Lent, really is a time of cleansing, and whether we like it or not we as God’s people need to be continually washed in our Lord’s grace.   The church at large and the church on the local level is called to hear that our Lord is zealous about overturning all which would keep us from himself.   Too often we , like the merchants at the temple, use the church to our own ends.   We measure success or failure by how much is coming into the offering plate while all the while, neglecting the neighbor whom we are called to serve.  There are many in our community and many in this congregation and for a variety of reasons are not receiving God’s good gifts in word and sacrament.  Do we care?    Or do we say, that’s their choice and leave it at that.  In the church   Pastors, elders, and church leaders use their positions to manipulate their people.  Sometimes we come here to God’s house, and long to have    “a little bit of a loving Jesus”, but not too much for we wouldn’t want him to change our life.      We look at the humble ways God chooses to come to us, scripture readings, a little bit of body and blood, other believers to support us in life, and frankly question whether this is enough.  We say “didn’t get much out of that” and maybe forget what is really there.   We bemoan the humble positions God has placed us in this life, as a spouse, parent, child, worker, and grandparent and think Lord you must have something far better.  Maybe we live our life not in thanksgiving but in bitterness, because we believe we just haven’t gotten the beaks others get.   Rather than rejoicing in others blessings, we look at them with envy.   We pride ourselves on our giving, and secretly say “you know if everyone gave as we gave, this church would truly be in good shape.”  Or   “We give a few bucks here and there, and say Lord, at least I live my life a lot better than those who think “run the show” around here.  In this instance giving is simply a way to say to our neighbor whether verbally or not you don’t quite match up to me do you.    Do you hear the tables being overturned, the coins spreading over the floor, the gasps of silence as Jesus and Jesus alone says “Take these things away”.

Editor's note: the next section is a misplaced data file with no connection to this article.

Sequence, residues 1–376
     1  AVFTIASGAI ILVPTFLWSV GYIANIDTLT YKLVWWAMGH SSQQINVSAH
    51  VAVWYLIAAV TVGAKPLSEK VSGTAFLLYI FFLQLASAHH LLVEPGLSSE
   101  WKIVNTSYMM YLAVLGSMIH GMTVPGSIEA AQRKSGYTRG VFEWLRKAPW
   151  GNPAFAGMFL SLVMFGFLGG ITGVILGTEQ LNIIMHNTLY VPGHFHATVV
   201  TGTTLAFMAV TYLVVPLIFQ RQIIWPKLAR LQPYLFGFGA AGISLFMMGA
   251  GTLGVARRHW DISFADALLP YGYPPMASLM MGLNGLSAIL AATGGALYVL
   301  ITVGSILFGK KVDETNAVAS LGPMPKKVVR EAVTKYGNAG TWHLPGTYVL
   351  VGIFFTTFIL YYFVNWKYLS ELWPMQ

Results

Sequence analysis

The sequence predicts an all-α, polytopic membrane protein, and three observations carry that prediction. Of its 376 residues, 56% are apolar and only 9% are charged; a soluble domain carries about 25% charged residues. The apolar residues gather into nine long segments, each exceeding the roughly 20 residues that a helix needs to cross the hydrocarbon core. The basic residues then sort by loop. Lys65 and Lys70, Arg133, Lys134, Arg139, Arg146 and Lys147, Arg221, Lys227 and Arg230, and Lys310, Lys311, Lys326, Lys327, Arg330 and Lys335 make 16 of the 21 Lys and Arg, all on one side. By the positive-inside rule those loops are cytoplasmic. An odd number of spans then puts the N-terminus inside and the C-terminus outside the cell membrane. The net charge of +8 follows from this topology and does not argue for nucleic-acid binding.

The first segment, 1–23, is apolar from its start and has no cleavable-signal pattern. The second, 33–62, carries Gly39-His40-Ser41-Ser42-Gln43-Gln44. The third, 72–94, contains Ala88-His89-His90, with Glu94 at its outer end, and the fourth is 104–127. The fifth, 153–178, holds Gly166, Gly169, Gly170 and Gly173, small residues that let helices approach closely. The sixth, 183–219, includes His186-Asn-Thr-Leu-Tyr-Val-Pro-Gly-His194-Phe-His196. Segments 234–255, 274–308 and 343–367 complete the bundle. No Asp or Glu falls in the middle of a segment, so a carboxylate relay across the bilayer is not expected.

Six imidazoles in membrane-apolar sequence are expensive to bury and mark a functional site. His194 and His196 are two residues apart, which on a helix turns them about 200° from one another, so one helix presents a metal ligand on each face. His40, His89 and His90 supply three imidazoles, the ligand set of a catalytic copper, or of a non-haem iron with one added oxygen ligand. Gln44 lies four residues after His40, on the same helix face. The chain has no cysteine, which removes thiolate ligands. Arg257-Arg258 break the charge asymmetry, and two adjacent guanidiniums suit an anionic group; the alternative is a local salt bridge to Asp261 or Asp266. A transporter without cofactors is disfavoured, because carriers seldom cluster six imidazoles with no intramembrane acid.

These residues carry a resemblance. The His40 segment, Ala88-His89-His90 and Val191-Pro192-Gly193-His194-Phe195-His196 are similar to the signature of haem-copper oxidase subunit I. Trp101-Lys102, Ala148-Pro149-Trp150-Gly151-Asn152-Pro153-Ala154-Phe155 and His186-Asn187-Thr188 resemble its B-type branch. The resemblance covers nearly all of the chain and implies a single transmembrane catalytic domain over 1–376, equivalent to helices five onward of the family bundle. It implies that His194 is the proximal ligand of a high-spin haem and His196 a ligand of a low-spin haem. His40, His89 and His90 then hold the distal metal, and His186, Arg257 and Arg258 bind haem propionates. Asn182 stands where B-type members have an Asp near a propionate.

Here is the rub,   we can’t lift the table back up, we cannot clean up our own mess of things,  on our own we cannot get rid of these things.   Which is why when they asked Jesus “who gives you authority to do such things, he says destroy this temple, and in three days I will raise it up.”   Our hope in the church is not in us, but in the one overturning the tables, for he would have the tables turned on him.   He is the new temple, and to those whose lives are scattered he says “”Destroy this temple in three days, and I will raise it up”.    Here is our great hope.  The merciful presence of God would no longer be found in this massive building, but now would be found in the one who cannot help but continually give of himself for you and me.  Jesus said “Father into your hands I commend my spirit, the earth shook, and the temple curtain was torn in two.   Translation, the new temple is Jesus who would be raised up.  Unlike the money changers and sinners like us, he offers more than a fair exchange.  He exchanges our guilt for his acquittal.  He exchanges our cross of death for his cross of life.  He exchanges our weakness for his strength in the resurrection.   He destroys all that separates us from him, including death itself, and he makes us alive.  He is indeed consumed by zeal, a loving zeal centered on you and me.  This is what Jesus has done, and because he has shown us this, we can really live as the objects of his consuming zeal.    We can live, move, and have our being under LWHJD (Look, what Jesus has done).  To him be the glory forever and ever.  Amen.